Wall Street Taps Out to WWE

World Wrestling Entertainment (NYSE: WWE  ) reported fiscal first-quarter results yesterday. Investors liked what they heard and sent the stock up like an opponent being readied for a chokeslam at the hands of the Undertaker.

Net revenue jumped 13% to $107.4 million. Net income on a diluted basis rocketed 62% higher to $0.21 per share. That's right, WWE delivered the People's Elbow to analysts who only saw fit to credit the company with $0.17 in earnings potential this quarter. Take that!

The lower tax rate may have helped out, but I think shareholders can look upon this quarter positively. Just about all the major operating segments -- live and televised entertainment, consumer products, and digital media -- saw revenue increases. In terms of profit contribution, consumer products and digital media rose nicely, while live/televised was flat. Digital media, which holds great growth prospects, showed its strength by contributing 43% more income during this time frame.

Oh boy, WWE Films still hasn't contributed anything. And with Stone Cold Steve Austin's latest project, The Condemned, not exactly stunning them at theaters, I know a lot of analysts and investors are going to be questioning this segment. It's certainly a fair point; after all, the company will need to produce bigger box-office draws so it presumably won't have to wait so long to book revenues. Right now, WWE must allow print and advertising costs to be recouped by distributors Lions Gate Entertainment (NYSE: LGF  ) and News Corp. (NYSE: NWS  ) . Lions Gate released See No Evil and The Condemned, while News Corp. handled The Marine. According to the conference call, WWE expects to recognize film revenues later in the fiscal year.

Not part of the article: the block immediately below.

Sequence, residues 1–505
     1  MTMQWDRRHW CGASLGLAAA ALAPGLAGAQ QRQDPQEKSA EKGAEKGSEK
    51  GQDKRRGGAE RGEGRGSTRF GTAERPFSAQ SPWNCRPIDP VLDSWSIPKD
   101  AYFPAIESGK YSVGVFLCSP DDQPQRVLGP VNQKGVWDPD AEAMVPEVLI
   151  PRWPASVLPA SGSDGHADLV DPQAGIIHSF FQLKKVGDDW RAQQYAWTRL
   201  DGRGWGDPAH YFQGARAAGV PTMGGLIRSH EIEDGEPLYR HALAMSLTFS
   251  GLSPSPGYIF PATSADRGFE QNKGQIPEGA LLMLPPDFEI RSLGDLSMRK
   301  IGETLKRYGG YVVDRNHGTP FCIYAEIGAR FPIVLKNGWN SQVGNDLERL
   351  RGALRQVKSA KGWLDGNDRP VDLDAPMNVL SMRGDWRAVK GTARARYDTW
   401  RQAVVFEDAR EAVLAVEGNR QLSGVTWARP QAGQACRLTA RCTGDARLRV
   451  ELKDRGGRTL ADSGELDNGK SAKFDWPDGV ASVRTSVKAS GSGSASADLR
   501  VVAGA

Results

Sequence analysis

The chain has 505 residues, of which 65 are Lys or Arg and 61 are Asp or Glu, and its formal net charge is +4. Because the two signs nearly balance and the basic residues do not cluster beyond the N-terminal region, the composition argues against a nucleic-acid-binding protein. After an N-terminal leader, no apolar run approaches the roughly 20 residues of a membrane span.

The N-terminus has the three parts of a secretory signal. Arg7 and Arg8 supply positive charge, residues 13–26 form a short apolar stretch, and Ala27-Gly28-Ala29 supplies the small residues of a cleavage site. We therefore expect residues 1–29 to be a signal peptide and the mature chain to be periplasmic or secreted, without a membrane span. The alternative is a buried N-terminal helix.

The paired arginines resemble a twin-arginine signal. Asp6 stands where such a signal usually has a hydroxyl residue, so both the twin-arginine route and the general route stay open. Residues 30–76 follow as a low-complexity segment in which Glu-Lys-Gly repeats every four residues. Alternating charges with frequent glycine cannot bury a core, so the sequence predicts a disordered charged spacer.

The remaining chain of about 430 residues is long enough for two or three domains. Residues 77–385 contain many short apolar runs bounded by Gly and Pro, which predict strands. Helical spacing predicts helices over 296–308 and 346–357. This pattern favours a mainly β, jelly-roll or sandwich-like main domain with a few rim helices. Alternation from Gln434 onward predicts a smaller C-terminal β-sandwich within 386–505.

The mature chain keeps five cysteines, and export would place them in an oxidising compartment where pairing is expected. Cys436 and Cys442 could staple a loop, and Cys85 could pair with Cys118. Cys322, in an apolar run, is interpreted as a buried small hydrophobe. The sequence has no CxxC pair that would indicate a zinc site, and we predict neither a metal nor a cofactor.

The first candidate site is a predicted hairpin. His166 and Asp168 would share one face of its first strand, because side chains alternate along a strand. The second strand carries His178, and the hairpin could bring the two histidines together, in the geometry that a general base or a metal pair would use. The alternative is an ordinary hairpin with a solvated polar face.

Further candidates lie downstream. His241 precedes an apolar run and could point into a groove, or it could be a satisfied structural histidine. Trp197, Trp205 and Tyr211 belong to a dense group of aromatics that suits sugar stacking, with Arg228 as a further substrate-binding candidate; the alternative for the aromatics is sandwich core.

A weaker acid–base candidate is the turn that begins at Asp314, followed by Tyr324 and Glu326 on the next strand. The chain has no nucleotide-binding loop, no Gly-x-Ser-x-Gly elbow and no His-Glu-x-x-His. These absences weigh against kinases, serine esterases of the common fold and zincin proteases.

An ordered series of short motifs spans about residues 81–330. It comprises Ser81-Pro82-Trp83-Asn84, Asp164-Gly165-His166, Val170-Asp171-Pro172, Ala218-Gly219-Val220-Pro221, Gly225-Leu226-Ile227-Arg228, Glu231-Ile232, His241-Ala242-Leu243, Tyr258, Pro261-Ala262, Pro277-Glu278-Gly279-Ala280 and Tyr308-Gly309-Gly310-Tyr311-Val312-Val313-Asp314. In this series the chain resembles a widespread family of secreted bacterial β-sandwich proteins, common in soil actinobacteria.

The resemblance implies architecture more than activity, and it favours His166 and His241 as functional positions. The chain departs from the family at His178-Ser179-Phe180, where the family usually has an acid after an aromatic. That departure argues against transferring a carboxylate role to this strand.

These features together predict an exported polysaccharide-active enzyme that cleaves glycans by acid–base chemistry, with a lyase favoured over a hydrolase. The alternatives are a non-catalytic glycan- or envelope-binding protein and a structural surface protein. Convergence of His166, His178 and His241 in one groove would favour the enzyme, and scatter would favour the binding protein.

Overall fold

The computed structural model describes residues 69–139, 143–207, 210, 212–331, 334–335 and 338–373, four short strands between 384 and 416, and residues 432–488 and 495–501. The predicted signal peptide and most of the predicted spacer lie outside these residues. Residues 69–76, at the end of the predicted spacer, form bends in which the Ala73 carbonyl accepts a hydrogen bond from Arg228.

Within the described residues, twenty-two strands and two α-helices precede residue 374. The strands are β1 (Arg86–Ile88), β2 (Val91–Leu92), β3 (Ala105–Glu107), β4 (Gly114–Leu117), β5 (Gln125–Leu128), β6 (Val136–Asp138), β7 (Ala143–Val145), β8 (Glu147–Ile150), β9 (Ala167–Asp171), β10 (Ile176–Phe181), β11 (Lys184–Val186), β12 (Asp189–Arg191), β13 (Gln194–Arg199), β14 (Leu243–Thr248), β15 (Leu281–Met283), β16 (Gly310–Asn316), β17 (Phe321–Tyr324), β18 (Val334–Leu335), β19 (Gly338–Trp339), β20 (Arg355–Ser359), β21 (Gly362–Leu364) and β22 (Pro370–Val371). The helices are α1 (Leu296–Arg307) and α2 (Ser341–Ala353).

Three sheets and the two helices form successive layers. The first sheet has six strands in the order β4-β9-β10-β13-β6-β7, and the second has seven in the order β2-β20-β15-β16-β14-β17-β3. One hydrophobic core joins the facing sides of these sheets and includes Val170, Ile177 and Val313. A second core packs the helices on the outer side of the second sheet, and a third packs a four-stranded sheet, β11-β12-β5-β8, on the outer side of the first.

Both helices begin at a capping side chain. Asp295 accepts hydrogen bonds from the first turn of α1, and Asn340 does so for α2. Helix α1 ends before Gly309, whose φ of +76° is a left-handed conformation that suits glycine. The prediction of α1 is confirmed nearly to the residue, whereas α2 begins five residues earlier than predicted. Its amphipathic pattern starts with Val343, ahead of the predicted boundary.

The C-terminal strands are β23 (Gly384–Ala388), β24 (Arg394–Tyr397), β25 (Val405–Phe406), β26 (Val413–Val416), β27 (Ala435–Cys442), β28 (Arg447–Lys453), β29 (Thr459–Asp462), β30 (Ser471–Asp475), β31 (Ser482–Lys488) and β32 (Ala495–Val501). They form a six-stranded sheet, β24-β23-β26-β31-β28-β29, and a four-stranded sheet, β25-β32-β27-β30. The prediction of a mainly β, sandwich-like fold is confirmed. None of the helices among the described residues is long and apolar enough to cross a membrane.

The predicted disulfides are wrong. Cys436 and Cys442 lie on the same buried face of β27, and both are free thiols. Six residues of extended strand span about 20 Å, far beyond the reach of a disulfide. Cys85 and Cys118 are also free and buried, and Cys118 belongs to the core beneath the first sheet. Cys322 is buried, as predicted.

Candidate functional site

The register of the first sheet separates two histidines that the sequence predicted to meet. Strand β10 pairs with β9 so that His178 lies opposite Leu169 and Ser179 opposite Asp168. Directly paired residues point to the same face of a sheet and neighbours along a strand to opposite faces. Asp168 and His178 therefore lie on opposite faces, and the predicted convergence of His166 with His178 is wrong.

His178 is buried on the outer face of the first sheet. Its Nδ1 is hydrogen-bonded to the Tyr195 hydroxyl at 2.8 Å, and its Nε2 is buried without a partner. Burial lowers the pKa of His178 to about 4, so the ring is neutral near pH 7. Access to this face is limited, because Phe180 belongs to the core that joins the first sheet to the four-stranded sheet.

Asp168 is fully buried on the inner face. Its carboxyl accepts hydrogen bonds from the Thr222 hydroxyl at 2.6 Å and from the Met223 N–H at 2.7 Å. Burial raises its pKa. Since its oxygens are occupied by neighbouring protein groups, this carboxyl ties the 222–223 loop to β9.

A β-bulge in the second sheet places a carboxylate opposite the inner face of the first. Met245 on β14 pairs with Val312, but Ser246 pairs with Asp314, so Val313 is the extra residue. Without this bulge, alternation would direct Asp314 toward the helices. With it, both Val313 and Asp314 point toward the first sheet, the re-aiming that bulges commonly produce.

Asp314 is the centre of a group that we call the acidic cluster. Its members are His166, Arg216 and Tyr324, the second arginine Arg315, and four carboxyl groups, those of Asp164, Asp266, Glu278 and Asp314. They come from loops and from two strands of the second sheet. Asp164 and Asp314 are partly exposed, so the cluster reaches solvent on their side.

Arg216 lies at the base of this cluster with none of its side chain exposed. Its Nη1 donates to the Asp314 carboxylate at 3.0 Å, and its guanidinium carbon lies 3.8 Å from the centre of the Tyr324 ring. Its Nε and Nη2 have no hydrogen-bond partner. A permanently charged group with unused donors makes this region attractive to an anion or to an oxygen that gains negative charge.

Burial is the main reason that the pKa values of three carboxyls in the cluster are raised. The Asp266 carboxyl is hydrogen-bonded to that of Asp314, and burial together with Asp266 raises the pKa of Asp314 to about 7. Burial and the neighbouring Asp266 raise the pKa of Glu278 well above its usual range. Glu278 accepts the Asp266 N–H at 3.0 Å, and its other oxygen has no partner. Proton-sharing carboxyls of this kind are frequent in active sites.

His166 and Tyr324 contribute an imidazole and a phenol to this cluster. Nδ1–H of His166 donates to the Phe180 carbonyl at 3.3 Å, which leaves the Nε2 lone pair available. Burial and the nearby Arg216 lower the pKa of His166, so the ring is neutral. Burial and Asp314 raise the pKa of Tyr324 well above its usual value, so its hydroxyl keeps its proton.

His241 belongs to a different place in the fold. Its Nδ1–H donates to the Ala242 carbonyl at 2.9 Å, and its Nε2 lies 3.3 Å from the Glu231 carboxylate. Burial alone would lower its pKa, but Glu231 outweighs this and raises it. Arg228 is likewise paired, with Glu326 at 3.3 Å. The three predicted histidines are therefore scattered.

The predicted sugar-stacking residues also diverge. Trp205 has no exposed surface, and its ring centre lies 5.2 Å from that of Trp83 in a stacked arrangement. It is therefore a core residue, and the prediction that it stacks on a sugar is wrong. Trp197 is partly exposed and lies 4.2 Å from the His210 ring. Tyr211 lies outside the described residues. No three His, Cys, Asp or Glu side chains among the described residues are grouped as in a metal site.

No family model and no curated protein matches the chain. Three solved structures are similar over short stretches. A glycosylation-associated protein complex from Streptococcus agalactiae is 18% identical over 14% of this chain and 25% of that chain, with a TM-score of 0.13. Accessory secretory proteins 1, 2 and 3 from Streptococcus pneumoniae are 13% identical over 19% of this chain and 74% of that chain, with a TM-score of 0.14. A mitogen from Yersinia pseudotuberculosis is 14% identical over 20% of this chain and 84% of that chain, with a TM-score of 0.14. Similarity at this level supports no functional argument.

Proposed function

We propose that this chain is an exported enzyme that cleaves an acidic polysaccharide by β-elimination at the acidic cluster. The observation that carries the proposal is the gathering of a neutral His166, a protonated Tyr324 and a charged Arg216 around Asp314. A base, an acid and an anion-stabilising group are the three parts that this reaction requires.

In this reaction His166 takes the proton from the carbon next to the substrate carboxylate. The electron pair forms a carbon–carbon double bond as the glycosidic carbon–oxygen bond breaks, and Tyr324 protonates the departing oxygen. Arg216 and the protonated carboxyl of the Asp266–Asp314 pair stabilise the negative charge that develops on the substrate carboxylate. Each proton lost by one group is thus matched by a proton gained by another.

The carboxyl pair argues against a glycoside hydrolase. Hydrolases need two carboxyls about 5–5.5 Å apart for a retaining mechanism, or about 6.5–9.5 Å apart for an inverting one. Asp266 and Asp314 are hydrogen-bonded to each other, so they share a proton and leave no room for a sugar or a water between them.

Another negative issue is the drop in pay-per-view buys. There is, of course, the effect of a price hike to consider, but WWE seems to believe that a change in strategy is necessary for its premium broadcast events, as evidenced by a new blueprint. The company plans on using all three brand rosters -- RAW, SmackDown!, and ECW -- to increase the value proposition for the consumer. I see this as a wise move.

Free cash flow was a bright spot. Not only did it increase 54% to $23.1 million, but the amount easily took care of the dividend obligation. Last time around, during the eight-month transition report, I mentioned that cash flow was down; indeed, free cash did not cover the dividend payments, so it's good to see a return to such fiscal balance. Granted, this is only the first quarter, but it is nevertheless welcome.

Even after yesterday's 8% run-up, WWE's stock retains a decent yield. The company will need to work on pay-per-view buy rates and its film business, but I think current stockholders can be patient due to the dividend level. I remain positive on WWE's investment storyline, and I expect future growth based on its popular content. Forget Triple H -- WWE, my friend, is The Game.   

Don't make me get rowdy on you -- check out these Takes!

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Fool contributor Steven Mallas owns none of the companies mentioned. As of this writing, he was ranked 7,580 out of 28,358 investors in the CAPS system. Don't know what CAPS is? Check it out. The Fool has a disclosure policy.


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